Can Google And Facebook be Friends After All?

Filling in two of the last major gaps in the drive toward easing the exchange of data across the social Web, Google and Facebook have announced their support of the DataPortability Workgroup. Also joining the group is the online address service Plaxo.

The announcement could defuse talk of the emerging rivalry between Google and Facebook in the scramble to become the dominant standard for sharing user-generated content across social platforms.

Speculation about Facebook’s plans to compete with Google’s OpenSocial renewed in December with the announcement that it would open the tools and tags underlying its platform architecture so that developers’ applications could run seamlessly across any site that adopts the standard.

Now that representatives from both companies will be sitting down at the same table, concerns over competing social standards may evaporate.

“We have the same goal,” a Google spokesman told at the time of the Facebook announcement, noting to each company’s expressed desire of making the Web more open and social.

Accordingly, those desires may achieve greater traction thanks to both groups’ participation in the DataPortability Workgroup. Led by Faraday Media co-founder and CEO Chris Saad, the group’s major initiatives includes the development of the DataPortability Reference Design, a template for the implementation of open standards and protocols across the social Web, with the ultimate goal of breaking down the barriers between various social network and media sites.

“Plaxo, Google and Facebook together represent the key players in the competing approaches to social networking platforms and data portability,” Saad said in a blog post.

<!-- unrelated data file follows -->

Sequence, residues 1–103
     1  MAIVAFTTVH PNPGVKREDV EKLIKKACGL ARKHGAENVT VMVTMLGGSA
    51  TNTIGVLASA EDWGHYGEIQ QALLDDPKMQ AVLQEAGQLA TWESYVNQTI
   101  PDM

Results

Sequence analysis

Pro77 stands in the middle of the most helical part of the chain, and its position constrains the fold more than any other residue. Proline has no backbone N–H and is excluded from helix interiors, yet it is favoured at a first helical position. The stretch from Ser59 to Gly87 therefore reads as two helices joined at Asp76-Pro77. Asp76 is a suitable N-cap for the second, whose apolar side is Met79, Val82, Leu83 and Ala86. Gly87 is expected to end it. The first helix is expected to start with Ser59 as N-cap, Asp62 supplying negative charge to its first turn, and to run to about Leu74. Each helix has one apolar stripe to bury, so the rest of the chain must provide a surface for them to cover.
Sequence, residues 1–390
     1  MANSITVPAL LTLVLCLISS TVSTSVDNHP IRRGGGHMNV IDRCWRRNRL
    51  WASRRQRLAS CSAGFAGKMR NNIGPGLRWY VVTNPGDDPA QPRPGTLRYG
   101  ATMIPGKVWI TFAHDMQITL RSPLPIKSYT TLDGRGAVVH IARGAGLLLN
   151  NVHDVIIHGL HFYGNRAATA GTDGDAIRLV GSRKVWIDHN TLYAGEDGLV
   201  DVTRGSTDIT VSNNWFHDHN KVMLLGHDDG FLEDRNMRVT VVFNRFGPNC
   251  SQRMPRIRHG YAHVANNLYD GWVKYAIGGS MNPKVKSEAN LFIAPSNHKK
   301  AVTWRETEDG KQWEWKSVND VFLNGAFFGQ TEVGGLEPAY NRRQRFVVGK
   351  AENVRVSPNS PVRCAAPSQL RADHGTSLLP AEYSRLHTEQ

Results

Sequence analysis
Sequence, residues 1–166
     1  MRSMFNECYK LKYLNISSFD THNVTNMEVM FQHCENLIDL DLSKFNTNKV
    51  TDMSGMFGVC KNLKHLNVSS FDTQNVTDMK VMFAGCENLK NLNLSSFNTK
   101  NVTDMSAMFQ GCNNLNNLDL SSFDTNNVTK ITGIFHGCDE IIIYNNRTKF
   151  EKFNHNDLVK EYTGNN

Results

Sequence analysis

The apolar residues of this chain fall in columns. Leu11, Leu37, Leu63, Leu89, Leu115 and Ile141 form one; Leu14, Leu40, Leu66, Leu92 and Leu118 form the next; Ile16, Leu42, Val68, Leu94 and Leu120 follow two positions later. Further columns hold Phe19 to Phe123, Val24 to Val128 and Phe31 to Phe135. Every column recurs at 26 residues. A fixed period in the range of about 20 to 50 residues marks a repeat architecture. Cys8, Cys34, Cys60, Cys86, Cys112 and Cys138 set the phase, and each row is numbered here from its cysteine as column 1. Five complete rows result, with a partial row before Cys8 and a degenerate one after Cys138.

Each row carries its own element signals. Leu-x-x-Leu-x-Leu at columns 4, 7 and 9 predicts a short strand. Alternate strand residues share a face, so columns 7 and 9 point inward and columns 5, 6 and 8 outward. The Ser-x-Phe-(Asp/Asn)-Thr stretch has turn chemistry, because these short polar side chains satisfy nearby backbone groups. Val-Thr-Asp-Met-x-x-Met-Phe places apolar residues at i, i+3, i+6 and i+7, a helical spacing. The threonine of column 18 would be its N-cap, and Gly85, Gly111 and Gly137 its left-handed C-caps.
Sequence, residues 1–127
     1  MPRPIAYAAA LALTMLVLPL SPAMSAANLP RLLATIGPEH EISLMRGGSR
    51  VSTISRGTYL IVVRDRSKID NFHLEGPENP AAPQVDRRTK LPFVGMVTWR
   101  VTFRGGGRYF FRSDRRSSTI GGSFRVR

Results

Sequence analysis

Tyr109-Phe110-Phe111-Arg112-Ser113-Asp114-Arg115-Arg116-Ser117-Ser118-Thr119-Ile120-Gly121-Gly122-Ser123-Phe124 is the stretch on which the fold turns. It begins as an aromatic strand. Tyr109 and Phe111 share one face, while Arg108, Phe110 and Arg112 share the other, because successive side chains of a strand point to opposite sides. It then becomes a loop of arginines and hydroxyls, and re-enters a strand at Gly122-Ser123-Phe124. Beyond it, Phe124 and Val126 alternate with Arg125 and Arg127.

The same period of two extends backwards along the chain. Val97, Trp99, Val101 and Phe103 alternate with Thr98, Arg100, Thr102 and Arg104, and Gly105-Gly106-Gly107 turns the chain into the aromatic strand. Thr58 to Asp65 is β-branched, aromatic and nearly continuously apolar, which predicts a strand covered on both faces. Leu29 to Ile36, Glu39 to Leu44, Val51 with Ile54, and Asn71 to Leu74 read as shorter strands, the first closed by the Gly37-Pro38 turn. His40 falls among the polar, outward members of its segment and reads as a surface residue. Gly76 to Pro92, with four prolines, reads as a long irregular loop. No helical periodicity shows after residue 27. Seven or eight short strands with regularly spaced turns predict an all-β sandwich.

“Their joint support of the DataPortability initiative presents a new opportunity for the next generation of software — particularly in the fields of social software, user rights and interoperability,” he wrote.

In a practical sense, the collaboration means that a Facebook widget would (theoretically) be accessible on MySpace, which announced its support of OpenSocial in November.

In the Workgroup vision, photos, videos and other user-generated content would be universally accessible regardless of the vendor or tools underlying the platform.

Saad said the technology to implement platform interoperability already exists, but the challenge is bringing together the various stakeholders to hash out a common reference design that can be shared with the developer community.

Google’s delegate to the Workgroup will be LiveJournal creator Brad Fitzpatrick. Facebook will be represented by Benjamin Ling, perhaps best known as the project lead for Google’s Checkout service before he defected to Facebook in October. Joseph Smarr will represent Plaxo.

Part of the impetus behind the announcements could be the recent flap over Facebook shutting down the profile of prominent blogger Robert Scoble, after he ran a Plaxo script to scrape the e-mail addresses of his Facebook friends.

Facebook has since restored Scoble’s profile, but the incident set off a new wave of protests over Facebook’s “go-it-alone” philosophy.

While the creation of a pipeline between Google and Facebook might silence critics of the so-called “walled garden” of social networks, linking the two repositories of an immense volume of social data also may raise some privacy concerns.

Facebook, having recently been scorched by the controversy over the data-sharing practices put in place through its Beacon advertising program, might understandably move with caution into an initiative that could again open the door to its databases.

To Saad, however, the privacy issue is a dead letter.

“Privacy is a very poor, outdated word,” he wrote. “In a social world, privacy is less of a concern than complexity and information overload.”

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